Charities Fight Consumerism with Giving Tuesday
(NEW YORK) -- There's Black Friday, Small Business Saturday, Cyber Monday and now charities are starting what they hope will become a national day for giving that will join the holiday lexicon: Giving Tuesday.
As of Friday, #GivingTuesday had 2,065 partners listed on the movement's website, including corporations, nonprofits, schools and religious groups.
The idea for the campaign sprung from the 92nd Street YMCA deputy executive director Henry Timms and Kathy Calvin, CEO of United Nations Foundation. Timms began thinking about the concept during the holidays last year, and the idea gained momentum this past spring.
"When 92Y's Henry Timms called he explained the opportunity this way, 'We have a day for giving thanks, two days for getting deals. Why shouldn't there be a day for giving back?'" Calvin said.
She said the UN Foundation loved the idea.
"There are so many creative ways that people can volunteer and donate in today's world of social media," Calvin said. "A national day of giving back around the holiday shopping season just makes sense. It helps people everywhere make the most of their philanthropic side."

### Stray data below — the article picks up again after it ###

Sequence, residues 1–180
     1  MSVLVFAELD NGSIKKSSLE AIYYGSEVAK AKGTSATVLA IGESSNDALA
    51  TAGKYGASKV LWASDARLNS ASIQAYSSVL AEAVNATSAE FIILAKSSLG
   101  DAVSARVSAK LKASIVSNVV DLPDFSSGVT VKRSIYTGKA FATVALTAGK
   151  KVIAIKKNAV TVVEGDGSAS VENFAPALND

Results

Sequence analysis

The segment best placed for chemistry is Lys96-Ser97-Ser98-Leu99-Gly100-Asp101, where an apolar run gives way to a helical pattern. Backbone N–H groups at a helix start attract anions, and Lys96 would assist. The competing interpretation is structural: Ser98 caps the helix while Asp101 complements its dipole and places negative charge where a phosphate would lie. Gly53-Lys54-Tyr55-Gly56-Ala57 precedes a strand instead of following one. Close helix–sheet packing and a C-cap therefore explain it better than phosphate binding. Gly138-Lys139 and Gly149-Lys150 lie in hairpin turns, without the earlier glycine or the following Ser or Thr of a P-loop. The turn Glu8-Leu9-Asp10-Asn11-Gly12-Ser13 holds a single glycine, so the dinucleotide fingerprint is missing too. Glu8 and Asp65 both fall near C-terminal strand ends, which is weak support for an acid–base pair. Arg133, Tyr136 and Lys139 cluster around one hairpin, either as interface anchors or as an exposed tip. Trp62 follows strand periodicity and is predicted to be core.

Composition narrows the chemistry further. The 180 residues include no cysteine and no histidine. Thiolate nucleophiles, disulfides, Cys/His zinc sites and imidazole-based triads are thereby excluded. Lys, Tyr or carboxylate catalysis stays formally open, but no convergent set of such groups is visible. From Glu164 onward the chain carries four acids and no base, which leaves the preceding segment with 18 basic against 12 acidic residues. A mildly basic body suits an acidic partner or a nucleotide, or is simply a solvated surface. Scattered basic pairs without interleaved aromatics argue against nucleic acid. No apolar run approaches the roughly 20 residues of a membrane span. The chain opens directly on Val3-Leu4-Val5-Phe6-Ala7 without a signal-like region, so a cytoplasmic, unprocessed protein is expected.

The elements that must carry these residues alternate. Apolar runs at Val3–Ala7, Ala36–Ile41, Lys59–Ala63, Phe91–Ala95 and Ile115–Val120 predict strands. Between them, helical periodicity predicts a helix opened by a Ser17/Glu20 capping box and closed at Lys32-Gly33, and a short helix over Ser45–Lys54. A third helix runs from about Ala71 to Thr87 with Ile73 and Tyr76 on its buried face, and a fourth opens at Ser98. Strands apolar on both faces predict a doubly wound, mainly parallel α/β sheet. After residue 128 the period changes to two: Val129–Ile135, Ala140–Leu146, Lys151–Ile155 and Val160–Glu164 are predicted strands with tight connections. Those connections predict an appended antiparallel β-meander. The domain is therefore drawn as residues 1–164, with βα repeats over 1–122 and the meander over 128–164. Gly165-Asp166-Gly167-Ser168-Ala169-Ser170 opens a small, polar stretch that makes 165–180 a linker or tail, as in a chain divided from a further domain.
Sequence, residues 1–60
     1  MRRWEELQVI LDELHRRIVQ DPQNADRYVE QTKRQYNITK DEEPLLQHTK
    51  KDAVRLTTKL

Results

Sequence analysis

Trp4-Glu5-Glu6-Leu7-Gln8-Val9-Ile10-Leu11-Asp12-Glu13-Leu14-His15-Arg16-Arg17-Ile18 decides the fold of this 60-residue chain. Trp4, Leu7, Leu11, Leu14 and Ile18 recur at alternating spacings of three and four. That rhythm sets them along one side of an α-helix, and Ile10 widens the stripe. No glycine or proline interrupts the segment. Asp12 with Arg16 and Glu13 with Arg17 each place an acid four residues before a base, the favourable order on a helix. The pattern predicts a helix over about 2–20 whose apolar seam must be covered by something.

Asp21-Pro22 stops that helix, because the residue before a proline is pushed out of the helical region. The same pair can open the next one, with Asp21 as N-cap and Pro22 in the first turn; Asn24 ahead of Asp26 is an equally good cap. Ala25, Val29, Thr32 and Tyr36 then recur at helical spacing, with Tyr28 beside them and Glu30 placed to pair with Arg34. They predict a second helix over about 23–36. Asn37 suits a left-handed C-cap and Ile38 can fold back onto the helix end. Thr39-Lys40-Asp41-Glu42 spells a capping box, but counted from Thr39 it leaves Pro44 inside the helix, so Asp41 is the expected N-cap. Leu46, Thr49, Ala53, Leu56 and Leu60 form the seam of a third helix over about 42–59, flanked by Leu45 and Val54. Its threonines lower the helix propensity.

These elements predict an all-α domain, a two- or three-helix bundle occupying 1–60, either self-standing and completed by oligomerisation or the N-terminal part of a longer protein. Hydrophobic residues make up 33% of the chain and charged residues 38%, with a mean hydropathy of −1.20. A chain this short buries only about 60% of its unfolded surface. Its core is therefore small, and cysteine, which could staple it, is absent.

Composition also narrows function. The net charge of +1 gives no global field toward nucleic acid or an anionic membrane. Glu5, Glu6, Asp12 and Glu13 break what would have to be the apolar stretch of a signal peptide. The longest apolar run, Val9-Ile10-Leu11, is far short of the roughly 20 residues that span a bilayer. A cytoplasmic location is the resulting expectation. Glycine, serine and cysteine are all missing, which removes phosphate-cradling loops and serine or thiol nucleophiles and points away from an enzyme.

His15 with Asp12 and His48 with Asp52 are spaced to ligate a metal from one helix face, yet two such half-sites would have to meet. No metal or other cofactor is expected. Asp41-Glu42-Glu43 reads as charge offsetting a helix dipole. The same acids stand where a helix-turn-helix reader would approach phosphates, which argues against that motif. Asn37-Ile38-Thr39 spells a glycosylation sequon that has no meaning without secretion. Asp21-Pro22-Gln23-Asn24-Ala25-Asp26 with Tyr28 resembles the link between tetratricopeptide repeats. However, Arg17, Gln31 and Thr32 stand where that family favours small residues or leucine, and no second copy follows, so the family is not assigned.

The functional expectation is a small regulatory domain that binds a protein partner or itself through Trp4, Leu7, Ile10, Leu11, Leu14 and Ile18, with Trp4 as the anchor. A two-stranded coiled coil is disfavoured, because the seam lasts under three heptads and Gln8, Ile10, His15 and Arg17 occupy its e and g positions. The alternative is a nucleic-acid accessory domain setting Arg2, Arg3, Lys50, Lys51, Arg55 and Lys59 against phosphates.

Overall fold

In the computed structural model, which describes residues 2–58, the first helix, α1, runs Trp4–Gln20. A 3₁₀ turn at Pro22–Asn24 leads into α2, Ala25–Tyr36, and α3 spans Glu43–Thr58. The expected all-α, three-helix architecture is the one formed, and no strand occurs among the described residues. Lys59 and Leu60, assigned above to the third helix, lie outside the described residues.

The organizers, including public relations firm Fenton Communications, are asking partners who have the capability of collecting data to report how much they raise on Tuesday, how many people volunteered at an event, or other relevant information. They hope to report those figures on Wednesday.
But will Giving Tuesday catch on, especially in light of the expected increase in retail holiday sales?
Devin Hermanson, senior marketing director of relief organization World Vision, said he hopes so.
According to a phone survey by Harris Interactive and World Vision, 83 percent of Americans say they would prefer to receive a meaningful gift that would help someone else instead of a traditional gift like clothing or electronics.
However, the percentage of people willing to give a charitable gift as a present has fallen.
Last year, 51 percent of U.S. adults said they would be "more likely" to give a charitable gift as a holiday present. This year, that percentage dropped to 45 percent.
"Holiday shopping is treated like an Olympic event," Hermanson said. He hopes the same attention will be paid to Giving Tuesday.
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